“We Need to Do Something” intrigued me during its first 30 minutes but then started to frustrate me during next 60 minutes. Sure, I do not mind spending 90 minutes of my life on a few main characters suddenly stuck within an increasingly claustrophobic space, but the movie unfortunately spins its wheels despite a number of effective moments to be appreciated, and it only comes to leave rather hollow impressions as frustratingly vague about whatever is terrorizing its main characters out there.
After the ominous opening shot looking over a plain suburban area, the movie goes straight into the emergency situation surrounding one ordinary family living there. Because of a tornado warning, they must shelter themselves in a safe spot in their house just in case, and that spot happens to be the bathroom. As the situation seems to worsen outside, Robert (Pat Healy) and his wife Diane (Vinessa Shaw) become more nervous, and we can only guess from their strained interactions that they have some personal problem between them, though they do not mention that directly in front of their two kids Melissa (Sierra McCormick) and Bobby (John James Cronin).
Meanwhile, things indeed get quite worse outside, though, like the main characters of the film, we have no idea on what is really going on outside their house. It looks like a big tornado comes upon their neighborhood as warned, and their house is soon affected by that, but, at least, nothing particularly bad happens to them except a brief blackout.
However, once the circumstance seems to get back to normal later, they find themselves in a very serious problem. Probably due to that big tornado, a big tree outside their house happened to collapse into their house and then block the bathroom door, and they are virtually locked inside the bathroom as a consequence. Needless to say, they attempt to call for help via their smartphones, but their smartphones do not work at all for some unknown reason, and they have no choice but to wait for any possible help from the outside.
As time goes by without any possible chance for help, the mood among Robert and his family becomes more tense as they are more aware of how they are hopelessly stuck in the bathroom. While Robert and Diane come to conflict more with each other, Melissa and Bobby come to feel more uncomfortable than before, and Melissa’s mind is often drifted to what happened between her and her accidental best friend Amy (Lisette Alexis). Although their first encounter was not so pleasant to say the least, Melissa and Amy soon befriended each other as two fellow adolescent loners, and then they came to discover the growing mutual attraction between them.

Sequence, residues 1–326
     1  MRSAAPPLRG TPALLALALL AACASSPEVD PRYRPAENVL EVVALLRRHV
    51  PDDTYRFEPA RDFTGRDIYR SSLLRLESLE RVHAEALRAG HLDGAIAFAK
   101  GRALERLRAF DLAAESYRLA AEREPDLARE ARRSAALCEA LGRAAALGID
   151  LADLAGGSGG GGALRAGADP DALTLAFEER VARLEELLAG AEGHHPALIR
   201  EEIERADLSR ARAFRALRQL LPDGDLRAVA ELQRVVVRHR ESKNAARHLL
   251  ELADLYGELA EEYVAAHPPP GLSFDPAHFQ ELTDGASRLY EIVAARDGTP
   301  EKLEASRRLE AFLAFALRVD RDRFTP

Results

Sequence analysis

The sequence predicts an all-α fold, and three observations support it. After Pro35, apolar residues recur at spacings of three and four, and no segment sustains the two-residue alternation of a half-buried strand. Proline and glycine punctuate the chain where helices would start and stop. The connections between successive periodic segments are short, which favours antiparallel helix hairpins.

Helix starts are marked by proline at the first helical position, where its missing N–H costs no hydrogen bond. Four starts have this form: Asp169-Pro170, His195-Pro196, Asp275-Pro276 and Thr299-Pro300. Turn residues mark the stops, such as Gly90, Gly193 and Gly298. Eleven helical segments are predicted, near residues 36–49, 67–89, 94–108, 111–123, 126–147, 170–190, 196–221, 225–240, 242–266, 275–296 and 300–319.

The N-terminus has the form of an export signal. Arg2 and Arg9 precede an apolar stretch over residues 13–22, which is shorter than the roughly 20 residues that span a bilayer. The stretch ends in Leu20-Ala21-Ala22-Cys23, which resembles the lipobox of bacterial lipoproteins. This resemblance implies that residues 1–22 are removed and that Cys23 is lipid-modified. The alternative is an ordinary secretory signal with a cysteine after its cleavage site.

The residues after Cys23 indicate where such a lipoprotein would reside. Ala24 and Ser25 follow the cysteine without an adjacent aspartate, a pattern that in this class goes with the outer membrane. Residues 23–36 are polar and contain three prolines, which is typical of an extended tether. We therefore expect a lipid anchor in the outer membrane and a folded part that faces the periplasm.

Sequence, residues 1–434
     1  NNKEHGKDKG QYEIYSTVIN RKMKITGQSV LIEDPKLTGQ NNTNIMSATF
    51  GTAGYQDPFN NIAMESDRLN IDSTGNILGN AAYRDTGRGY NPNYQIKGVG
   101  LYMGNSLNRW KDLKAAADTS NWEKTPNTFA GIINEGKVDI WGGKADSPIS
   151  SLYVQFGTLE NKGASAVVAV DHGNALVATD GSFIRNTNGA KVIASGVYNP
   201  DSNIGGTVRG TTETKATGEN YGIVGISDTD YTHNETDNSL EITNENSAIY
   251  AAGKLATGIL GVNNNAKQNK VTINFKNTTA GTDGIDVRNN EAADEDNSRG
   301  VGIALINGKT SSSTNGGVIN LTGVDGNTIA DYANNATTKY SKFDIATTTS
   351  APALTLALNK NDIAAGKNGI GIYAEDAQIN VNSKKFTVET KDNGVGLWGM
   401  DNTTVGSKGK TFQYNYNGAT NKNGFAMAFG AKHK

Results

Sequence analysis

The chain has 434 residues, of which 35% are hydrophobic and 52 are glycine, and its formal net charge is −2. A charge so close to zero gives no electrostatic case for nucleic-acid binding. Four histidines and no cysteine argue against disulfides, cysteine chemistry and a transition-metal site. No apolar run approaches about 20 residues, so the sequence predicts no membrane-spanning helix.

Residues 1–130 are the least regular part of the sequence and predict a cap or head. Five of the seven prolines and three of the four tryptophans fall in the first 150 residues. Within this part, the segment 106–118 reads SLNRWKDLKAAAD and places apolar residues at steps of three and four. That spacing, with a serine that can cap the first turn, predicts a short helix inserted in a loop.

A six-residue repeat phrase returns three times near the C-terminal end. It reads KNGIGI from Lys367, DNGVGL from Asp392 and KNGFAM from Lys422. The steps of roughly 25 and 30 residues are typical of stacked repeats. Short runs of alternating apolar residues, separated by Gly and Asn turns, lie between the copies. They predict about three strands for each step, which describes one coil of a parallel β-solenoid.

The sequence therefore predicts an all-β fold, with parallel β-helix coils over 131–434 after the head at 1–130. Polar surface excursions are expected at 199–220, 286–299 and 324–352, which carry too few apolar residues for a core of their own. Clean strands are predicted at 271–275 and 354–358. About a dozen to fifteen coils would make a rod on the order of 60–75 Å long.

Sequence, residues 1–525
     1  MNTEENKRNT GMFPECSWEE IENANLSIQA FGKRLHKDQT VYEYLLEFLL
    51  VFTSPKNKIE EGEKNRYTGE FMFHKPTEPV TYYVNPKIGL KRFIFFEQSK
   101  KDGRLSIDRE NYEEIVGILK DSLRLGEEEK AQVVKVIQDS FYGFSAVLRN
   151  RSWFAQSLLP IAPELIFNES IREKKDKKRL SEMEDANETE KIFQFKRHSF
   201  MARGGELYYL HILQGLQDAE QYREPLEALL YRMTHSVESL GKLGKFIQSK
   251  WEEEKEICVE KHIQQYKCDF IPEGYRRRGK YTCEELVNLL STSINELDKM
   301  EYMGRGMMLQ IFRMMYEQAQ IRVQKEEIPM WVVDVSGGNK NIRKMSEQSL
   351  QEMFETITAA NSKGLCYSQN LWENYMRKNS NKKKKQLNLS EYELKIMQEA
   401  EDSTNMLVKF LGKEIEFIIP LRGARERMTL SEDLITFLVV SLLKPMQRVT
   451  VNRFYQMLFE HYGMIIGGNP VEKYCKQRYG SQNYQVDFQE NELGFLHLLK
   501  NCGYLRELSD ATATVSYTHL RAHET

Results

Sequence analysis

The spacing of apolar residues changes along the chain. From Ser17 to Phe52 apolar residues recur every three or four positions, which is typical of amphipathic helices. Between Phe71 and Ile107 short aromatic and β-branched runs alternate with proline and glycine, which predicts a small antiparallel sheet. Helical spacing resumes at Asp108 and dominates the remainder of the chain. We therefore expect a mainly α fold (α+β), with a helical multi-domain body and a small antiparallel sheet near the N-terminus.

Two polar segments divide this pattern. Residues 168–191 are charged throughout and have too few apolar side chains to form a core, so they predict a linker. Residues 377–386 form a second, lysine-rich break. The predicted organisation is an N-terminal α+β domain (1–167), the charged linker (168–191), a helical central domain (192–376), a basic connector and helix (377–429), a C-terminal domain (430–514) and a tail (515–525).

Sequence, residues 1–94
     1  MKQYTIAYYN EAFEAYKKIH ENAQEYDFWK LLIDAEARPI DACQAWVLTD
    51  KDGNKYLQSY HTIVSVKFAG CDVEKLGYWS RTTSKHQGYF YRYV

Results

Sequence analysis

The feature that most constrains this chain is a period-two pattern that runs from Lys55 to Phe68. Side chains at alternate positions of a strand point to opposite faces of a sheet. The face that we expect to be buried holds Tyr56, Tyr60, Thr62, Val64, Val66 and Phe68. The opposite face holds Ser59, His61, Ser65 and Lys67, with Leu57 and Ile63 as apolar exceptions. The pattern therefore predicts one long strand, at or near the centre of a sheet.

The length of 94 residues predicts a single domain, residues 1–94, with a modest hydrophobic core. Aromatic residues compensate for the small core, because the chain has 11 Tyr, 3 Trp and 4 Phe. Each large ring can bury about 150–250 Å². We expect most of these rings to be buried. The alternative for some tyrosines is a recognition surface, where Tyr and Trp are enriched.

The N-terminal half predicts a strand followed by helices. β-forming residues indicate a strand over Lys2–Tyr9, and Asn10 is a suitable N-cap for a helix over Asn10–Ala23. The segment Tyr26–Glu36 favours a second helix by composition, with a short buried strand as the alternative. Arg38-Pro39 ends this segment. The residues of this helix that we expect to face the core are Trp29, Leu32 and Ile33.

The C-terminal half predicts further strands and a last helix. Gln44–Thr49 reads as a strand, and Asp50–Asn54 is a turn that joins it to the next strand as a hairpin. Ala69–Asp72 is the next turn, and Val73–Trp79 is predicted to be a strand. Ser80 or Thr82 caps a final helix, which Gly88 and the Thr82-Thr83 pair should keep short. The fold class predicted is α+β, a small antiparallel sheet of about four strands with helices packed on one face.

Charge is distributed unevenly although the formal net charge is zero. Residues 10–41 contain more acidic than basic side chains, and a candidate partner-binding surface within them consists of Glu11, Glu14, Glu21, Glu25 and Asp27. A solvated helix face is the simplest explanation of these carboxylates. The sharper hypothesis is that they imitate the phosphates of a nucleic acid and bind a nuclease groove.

Not so surprisingly, it gradually turns out that there is a good reason why Melissa cannot help but think of her relationship with Amy even as the circumstance becomes quite dire for her and her family. For solving a little private problem of theirs, Amy and Melissa tried to use a certain kind of black magic spell, but, of course, their attempt was followed by an incident much worse than they wished, and that seems to be connected with whatever Melissa and her family is going through right now.
While she keeps hesitating to tell everything to her family, Melissa and her family become more desperate and frustrated in addition to being menaced by something outside the bathroom. Again, we cannot see anything outside at all just like them, but the main performers are very convincing as their characters are frequently horrified in one way or another, and the movie also gives us a twisted moment of black humor when its main characters have no choice but to eat something quite unpleasant for solving their hunger problem.
As observing their claustrophobic situation, we cannot help but think of how much our life has been limited by the ongoing COVID-19 pandemic, and you may come to understand and empathize a bit with their increasing stress and frustration, but the screenplay by Max Booth III, which is based on his novella of the same name, fails to develop its story premise further as going nowhere with its main characters. In addition to remaining adamantly opaque about the source of menace and terror surrounding them, it does not bring much depth to its main characters, and we come to observe from the distance what eventually happen among them during its rather uneven and jarring last act.
The main cast members of the film, some of whom incidentally participated in its production as executive producers, try their best with their underdeveloped roles, and they acquit themselves well on the whole. While Pat Healy, a wonderful character actor who has always been dependable since I noticed him in Craig Zobel’s “Compliance” (2012), and Vinessa Shaw dutifully hold the ground for Sierra McCormick’s good performance, John James Cronin and Lisette Alexis fill their respective spots as demanded, and you may be a little amused to find who provides a brief voice performance in the middle of the film.
Overall, “We Need to Do Something” works to some degree thanks to director Sean King O’Grady’s competent direction and the admirable efforts from his small cast, but it is still glaringly flawed in terms of story and characters. Although I did not feel like wasting my time during my viewing at last night, I still think it could do more than merely hanging on its barebone narrative, and I can only hope that O’Grady, who made a feature film debut here, will soon advance from this unsatisfying test run as a filmmaker with some potential.